Why should they be refreshed?

As briefly mentioned above, during recent years there have been some major legal changes and international occurrences that have required businesses to consider the details of their terms and conditions, with many businesses finding themselves exposed both legally and financially, often due to stale and outdated terms and conditions.  

In the current heightened regulatory and economic environment, it is imperative for businesses to review and where appropriate refresh their terms and conditions on a regular basis to ensure that they reflect current operational feasibility, business arrangements and legislative and regulatory standards.

In short, now is a great time to revisit and update your terms and conditions.

What are the key terms that I should review and update?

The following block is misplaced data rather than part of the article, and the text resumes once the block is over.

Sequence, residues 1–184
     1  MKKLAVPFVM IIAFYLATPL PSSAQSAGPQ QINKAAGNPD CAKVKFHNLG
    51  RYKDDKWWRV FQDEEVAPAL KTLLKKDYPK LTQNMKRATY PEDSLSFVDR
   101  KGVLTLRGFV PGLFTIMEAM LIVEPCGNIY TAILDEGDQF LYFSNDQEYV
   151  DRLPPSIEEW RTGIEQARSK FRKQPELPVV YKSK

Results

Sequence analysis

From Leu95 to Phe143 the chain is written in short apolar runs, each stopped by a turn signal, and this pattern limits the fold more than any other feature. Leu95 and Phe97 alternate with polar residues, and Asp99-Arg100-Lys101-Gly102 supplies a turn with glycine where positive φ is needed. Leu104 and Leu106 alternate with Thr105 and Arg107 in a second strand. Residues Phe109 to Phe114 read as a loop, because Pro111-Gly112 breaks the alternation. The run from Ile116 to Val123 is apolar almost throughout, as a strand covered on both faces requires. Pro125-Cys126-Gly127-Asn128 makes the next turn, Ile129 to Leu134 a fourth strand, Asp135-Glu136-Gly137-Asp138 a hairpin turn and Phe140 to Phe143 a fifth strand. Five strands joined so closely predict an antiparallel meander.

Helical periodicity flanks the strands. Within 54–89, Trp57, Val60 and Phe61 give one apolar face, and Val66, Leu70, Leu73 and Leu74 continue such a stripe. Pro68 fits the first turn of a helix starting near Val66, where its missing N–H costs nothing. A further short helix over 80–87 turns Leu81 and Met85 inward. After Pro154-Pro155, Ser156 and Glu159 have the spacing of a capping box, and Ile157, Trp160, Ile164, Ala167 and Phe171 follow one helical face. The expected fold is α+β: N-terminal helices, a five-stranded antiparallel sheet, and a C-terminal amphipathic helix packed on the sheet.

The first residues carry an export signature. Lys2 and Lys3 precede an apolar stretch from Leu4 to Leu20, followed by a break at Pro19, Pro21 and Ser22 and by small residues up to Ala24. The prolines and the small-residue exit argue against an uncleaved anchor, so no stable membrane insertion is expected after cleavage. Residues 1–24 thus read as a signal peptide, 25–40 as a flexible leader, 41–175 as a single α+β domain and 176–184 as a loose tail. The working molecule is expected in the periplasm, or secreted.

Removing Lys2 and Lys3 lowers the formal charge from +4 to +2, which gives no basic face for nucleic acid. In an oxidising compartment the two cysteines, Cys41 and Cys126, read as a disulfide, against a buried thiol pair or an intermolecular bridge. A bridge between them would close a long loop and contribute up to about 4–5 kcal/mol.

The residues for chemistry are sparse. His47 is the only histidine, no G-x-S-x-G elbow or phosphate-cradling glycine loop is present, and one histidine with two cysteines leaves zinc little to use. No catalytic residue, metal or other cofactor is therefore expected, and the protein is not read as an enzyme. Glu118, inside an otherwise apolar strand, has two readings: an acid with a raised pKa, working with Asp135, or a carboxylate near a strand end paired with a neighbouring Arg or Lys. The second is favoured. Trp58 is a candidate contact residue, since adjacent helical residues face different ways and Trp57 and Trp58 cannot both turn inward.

During any review of your terms and conditions, we would suggest that an initial focus on the following clauses would be an ideal starting point:

  • Payment terms: your payment terms should be comprehensive and set out when and how payment should be made. They should also set out the consequences of late payment, which often includes applying an interest rate on the overdue amount. In addition, to guard against the impact of currency exchange rates resulting from Brexit, you should ensure that your payment terms include provision for reviewing, varying and/or increasing your prices.
  • Delivery: your terms and conditions should include clearly stated terms relating to delivery and/or performance including, the place, time and any consequences of late delivery such as additional charges. Brexit has caused delays in deliveries so going forward, to afford your business some flexibility, it would be prudent to avoid agreeing fixed delivery dates or ensuring that time of delivery is not of the essence. Also consider the changes in the costs and rules relating to imports, exports and customs and ensure that you set out in your terms and conditions, how carriage and transport costs are to be borne.